Raoul Ries: Thirty-six Views of Mount Fuji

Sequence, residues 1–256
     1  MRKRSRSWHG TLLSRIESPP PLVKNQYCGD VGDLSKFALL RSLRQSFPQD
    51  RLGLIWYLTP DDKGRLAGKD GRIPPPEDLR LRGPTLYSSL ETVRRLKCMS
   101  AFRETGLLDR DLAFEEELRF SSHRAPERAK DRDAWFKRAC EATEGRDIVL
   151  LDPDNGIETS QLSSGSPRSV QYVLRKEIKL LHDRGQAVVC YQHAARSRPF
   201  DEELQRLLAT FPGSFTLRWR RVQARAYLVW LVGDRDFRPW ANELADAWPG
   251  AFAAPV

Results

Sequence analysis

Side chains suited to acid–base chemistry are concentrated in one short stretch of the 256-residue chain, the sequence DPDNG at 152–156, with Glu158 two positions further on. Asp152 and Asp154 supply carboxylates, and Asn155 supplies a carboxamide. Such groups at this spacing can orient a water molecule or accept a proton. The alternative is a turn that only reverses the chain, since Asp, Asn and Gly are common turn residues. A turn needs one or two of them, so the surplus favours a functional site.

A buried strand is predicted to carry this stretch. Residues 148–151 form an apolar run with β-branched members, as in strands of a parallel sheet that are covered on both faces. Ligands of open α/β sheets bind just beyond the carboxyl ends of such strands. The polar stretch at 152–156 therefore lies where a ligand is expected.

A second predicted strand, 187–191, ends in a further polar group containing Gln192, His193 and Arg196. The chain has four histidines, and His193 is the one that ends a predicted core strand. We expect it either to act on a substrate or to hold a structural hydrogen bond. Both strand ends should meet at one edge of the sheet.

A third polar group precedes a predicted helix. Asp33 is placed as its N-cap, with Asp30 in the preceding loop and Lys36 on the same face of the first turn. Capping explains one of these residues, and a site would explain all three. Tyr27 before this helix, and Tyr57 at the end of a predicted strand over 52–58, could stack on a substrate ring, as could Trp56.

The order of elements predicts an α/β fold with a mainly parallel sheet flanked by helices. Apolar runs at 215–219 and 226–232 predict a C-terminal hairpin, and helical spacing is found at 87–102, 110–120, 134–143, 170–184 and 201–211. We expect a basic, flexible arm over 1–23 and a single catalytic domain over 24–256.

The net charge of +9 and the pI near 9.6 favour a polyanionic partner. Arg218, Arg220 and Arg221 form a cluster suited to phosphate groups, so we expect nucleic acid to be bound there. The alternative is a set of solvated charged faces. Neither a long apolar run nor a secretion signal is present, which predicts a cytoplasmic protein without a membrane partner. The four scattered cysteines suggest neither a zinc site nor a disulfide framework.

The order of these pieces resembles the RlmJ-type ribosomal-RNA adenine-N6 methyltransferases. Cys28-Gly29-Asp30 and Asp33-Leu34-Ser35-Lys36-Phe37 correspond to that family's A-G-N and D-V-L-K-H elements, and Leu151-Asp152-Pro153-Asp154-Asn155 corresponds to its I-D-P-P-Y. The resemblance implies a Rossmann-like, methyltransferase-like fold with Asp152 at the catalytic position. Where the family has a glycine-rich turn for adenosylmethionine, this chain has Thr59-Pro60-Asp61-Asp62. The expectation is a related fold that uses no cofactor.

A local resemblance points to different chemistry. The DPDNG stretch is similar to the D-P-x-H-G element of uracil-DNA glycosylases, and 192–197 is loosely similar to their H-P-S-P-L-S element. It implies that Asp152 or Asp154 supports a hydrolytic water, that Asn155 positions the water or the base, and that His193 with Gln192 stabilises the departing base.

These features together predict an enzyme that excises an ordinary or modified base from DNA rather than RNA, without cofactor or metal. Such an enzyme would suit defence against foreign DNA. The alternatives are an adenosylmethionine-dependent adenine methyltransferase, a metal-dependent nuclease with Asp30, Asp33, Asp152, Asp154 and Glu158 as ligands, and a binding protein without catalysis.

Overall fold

Mount Fuji is widely considered a majestic mountain—lauded, interpreted, surmounted. In the early nineteenth century, Katsushika Hokusai honored it with thirty-six woodcuts. Working according to Japanese tradition, he used symbols representing the seasons and depicted people engaged in activities alluding to the future. The genre is known as Ukiyo-e and the images describe a world in flux, in terms of both space and time. Inspired by this artistic concept, the Luxembourgian artist Raoul Ries circumnavigated Fuji with his camera, capturing realistic moments. The mighty mountain always bursts into the frame, like a leitmotif: sometimes sublime, sometimes hidden, as if playing a game with the viewer. At the end of the journey, not only have readers become familiar with Fuji’s various angles of view, but they’ve also been given a good look at Japanese society, its connection with nature and its everyday life. In short, what we find here is landscape photography with an idea and wit.